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The Business of Fashion

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Chasing Waterfalls at Chanel

Karl Lagerfeld is adamant that his word is first and last at Chanel, so it would be thrilling to see him set himself some limits.
Chanel Spring/Summer 2018 | Source: Indigital
By
  • Tim Blanks

PARIS, France — Karl Lagerfeld loves waterfalls. He finds the ozone in the air around them particularly invigorating. "The healthiest thing in the world," he called it, after a Chanel show which was staged in an 85 by 15 meter recreation of the Gorges du Verdon, a spectacular natural beauty spot in France's Midi. Rock walls soared towards the dome of the Grand Palais, water cascaded in a roar over them. The entire impossible mise-en-scene was, we were assured, environmentally conscious to the last drop.

But it wasn't his assurance. Lagerfeld always shies away from pinning down what he does. The very thought of the Grand Statement leaves him stone cold. So, when the idea of sustainability, a hot fashion ticket, was raised in relation to his latest offering, he said simply, "It's just what it is. I liked the idea of water, of lightness." And not just water, but also water-proofing. The collection was a paean to plastic, from the classic Chanel boater all the way to footwear. The camellia on a handbag was plastic. Other handbags had their own raincoats. Rain hoods accessorized tweed suits. There were dressier pieces that looked like thickets of plastic filaments. And a clear plastic cape was artfully fringed, highlighting Lagerfeld's respect for the material. "It's not cheap like it used to be."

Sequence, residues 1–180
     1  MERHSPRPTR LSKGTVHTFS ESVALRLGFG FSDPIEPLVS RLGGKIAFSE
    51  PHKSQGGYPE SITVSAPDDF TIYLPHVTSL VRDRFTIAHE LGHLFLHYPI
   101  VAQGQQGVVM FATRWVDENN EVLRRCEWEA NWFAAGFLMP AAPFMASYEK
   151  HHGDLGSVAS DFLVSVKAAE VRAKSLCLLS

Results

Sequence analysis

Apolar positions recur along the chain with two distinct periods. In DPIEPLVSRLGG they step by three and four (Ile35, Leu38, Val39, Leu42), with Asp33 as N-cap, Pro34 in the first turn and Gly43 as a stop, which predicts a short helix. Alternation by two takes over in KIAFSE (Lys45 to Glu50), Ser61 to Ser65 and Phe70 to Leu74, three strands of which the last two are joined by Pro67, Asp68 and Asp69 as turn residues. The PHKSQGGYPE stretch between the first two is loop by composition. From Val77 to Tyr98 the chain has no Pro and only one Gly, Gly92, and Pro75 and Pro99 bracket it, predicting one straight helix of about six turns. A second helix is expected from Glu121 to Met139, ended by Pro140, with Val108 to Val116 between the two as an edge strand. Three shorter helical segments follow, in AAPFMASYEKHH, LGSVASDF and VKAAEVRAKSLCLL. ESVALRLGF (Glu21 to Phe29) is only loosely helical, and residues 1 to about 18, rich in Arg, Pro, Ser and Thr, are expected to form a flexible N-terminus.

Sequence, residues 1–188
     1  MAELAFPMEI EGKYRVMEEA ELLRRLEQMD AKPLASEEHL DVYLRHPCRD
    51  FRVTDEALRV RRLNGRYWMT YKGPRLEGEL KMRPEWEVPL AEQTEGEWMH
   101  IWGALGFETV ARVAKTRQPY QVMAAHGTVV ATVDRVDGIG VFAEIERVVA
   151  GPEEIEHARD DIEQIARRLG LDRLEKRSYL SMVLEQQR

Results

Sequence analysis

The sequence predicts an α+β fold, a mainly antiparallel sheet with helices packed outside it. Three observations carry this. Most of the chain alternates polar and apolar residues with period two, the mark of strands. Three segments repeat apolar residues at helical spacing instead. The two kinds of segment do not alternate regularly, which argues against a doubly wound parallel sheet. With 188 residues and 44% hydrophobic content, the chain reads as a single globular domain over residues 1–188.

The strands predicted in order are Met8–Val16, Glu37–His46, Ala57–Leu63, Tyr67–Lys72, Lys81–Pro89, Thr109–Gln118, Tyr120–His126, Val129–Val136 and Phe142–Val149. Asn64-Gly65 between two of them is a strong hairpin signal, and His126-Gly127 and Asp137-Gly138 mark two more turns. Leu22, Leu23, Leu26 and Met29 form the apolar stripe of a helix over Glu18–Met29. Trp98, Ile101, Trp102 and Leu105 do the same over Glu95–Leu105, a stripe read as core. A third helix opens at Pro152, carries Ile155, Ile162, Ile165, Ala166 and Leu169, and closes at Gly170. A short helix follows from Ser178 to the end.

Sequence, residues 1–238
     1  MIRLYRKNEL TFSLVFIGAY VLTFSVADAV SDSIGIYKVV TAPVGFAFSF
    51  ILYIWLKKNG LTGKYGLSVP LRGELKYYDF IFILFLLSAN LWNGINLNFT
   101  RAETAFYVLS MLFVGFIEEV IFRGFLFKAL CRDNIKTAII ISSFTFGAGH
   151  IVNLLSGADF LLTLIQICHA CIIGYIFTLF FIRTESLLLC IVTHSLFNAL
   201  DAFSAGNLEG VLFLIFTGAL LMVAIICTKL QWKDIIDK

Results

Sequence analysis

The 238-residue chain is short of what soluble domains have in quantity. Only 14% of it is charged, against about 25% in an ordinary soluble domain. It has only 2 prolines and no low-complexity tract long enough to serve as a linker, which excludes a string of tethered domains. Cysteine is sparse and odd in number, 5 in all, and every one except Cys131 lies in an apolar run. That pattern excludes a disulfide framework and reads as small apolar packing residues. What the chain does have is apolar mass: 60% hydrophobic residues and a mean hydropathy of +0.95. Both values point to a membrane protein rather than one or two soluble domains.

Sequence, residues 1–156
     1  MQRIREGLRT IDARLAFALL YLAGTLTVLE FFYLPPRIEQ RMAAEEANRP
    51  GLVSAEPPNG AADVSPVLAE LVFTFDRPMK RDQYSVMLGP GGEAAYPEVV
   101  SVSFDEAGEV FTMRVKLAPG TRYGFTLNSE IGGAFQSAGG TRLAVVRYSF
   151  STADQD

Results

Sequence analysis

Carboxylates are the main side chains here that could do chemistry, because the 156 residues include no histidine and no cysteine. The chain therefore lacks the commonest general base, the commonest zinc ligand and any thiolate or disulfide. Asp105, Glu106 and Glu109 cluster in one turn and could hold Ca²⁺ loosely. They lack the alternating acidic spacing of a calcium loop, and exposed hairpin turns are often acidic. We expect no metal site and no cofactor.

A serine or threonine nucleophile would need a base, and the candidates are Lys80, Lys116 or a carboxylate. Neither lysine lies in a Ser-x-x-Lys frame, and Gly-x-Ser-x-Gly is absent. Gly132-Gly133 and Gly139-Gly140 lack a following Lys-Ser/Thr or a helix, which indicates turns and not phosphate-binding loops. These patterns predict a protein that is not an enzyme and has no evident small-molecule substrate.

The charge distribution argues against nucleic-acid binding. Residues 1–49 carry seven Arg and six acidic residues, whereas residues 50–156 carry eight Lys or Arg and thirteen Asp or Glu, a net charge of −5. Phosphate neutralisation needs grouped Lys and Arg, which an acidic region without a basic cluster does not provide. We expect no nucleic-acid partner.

That could have been his natural perverse playfulness. On the other hand, if he wanted to make a collection about water and lightness, what better way to convey the effect of clothes viewed through a shimmering aqueous curtain? It didn’t stop there either. Lagerfeld shot plaids with lurex, scattered sequins over suits, giving the clothes a sparkle that, in this context, could have been drops of water. And a watery flou shaped a handful of draped silk jersey pieces.

There was the usual question at show’s end. Lagerfeld showed much too much. Why? It was obvious which elements in the collection engaged his attention, as obvious as it was when considerations other than creativity took over. He is adamant that his word is first and last at Chanel, so it would be thrilling to see him set himself some limits. Good lord, he dropped Spinoza into the post-show conversation on Tuesday. You could only imagine the fireworks that could result when Spinoza’s discipline infiltrated Lagerfeld’s profligate, dream-nourished creativity.

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